Sickle cell disease is a chronic condition with acute episodes related to vaso-occlusion. Virtually every system of the body can be affected by the ischemia resulting from obstruction of the blood vessels by clumps of deformed erythrocytes. Among the more common acute complications are inflammation of fingers and toes, aplastic anemia, splenic sequestration, and stroke. Chronic disorders include leg ulcers, renal complications, aseptic necrosis, and retinopathy. Bacterial infection is one of the major causes of morbidity and mortality in patients with sickle cell disease.

Because of the potential for serious complications due to occlusion of blood vessels, patients with sickle cell disease should have regular physical examinations to detect early changes. Periodic eye examinations are necessary to monitor retinal changes due to vaso-occlusion of retinal vessels.

Measures to improve or maintain the general well-being of patients include preventing dehydration, maintaining adequate nutrition to optimize the patient's resistance to infection and resources for healing, and managing the anemia that is characteristic of sickle cell disease. Education of patients and their parents and family members is an essential component of care. Patient support groups can be an effective mechanism to diffuse fear. Guidelines for the management of acute and chronic pain are available from the American Pain Society. A comprehensive biopsychosocial clinical assessment should be performed at least yearly.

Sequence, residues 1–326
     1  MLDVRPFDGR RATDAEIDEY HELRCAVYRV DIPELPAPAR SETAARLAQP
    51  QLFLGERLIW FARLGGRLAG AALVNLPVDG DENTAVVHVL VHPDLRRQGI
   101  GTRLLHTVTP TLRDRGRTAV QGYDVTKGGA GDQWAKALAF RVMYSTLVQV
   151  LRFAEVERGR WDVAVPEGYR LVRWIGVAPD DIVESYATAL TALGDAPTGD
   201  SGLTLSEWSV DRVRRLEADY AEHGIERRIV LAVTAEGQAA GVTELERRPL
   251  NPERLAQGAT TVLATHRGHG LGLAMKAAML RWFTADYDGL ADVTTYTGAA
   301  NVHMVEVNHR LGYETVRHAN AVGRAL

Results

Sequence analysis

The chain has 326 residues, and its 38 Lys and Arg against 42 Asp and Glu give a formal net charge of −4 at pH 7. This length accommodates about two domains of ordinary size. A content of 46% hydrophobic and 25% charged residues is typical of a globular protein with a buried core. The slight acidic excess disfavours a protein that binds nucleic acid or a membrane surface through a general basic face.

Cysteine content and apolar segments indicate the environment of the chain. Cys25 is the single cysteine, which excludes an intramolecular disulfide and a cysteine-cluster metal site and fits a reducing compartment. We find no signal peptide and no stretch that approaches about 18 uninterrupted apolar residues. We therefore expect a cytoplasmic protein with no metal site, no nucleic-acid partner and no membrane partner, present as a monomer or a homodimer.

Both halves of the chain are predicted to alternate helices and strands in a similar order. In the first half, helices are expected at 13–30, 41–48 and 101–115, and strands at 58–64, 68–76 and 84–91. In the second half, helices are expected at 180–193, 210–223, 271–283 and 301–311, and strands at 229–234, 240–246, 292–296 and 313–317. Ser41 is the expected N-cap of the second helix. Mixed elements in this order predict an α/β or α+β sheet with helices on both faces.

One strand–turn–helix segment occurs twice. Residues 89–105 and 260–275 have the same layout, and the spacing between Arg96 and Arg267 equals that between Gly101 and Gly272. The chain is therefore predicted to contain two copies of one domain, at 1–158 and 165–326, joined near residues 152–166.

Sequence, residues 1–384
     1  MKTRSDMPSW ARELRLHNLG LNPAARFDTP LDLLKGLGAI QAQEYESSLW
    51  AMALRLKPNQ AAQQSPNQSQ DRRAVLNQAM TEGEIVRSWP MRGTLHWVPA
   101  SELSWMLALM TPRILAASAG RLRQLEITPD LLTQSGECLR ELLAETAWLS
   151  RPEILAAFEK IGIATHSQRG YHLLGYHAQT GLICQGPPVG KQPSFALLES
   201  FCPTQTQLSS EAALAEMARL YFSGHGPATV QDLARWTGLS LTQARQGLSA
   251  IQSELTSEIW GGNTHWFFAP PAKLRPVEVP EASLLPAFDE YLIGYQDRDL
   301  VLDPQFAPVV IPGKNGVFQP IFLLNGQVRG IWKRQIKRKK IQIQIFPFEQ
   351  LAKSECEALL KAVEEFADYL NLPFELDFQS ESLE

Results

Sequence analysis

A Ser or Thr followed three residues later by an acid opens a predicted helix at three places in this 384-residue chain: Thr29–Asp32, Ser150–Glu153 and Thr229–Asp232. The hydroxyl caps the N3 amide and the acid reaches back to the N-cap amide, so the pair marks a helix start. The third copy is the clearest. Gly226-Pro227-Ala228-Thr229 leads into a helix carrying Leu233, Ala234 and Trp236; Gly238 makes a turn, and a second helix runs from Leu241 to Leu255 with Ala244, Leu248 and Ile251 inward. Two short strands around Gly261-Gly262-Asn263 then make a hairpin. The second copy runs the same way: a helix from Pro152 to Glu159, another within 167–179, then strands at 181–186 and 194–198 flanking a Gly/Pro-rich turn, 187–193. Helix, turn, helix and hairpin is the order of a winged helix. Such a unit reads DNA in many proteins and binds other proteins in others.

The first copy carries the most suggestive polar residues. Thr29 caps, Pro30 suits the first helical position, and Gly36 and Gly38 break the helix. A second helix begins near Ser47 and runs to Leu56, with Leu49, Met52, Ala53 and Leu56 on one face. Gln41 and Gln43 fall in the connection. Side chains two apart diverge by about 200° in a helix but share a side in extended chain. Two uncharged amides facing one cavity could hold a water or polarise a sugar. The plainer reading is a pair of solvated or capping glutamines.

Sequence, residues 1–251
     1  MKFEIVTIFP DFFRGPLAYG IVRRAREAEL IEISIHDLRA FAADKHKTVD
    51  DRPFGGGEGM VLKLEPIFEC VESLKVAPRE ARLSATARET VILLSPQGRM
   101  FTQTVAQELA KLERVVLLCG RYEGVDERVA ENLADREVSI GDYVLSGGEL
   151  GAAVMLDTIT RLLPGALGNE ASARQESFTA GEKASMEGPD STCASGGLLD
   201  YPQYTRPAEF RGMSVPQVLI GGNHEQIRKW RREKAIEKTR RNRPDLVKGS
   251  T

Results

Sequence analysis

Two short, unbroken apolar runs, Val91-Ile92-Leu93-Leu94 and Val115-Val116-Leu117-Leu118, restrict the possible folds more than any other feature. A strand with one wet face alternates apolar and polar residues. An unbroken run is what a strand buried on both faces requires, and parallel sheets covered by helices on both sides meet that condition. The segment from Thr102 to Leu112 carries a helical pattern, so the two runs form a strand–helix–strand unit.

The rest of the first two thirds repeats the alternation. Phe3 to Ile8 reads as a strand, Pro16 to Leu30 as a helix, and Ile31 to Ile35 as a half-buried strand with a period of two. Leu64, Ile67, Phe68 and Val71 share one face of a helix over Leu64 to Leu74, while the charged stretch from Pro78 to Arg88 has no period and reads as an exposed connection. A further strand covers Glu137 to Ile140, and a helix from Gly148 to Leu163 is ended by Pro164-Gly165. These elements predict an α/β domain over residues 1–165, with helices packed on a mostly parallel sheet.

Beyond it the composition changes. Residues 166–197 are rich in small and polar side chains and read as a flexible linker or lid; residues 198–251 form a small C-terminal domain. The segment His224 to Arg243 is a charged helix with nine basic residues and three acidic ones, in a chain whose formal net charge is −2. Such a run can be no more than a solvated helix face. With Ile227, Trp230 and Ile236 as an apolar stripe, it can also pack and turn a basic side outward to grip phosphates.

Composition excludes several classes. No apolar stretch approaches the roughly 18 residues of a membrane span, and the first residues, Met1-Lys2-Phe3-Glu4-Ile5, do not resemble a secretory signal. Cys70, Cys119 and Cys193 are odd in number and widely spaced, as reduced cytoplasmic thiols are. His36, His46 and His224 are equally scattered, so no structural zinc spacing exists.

The National Heart, Lung, and Blood Institute of NIH has published a guide called NIH Management and Therapy of Sickle Cell Disease. A printed copy is available as NIH publication number 95-2117. The guidelines are available online at http://www.emory.edu/peds/sickle/nih1/htm.
Clinicopathologic findings in sickle cell anemia. The findings are a consequence of infarctions, anemia, hemolysis, and recurrent infection. From Damjanov, 2000.
Statistical probabilities of inheriting sickle cell anemia.
sickle cell disorders any blood disorders associated with the presence of hemoglobin S, including the sickle cell diseases and sickle cell trait.

sick·le cell

an abnormal, crescentic erythrocyte that is characteristic of sickle cell anemia, resulting from an inherited abnormality of hemoglobin (hemoglobin S) causing decreased solubility at low oxygen tension.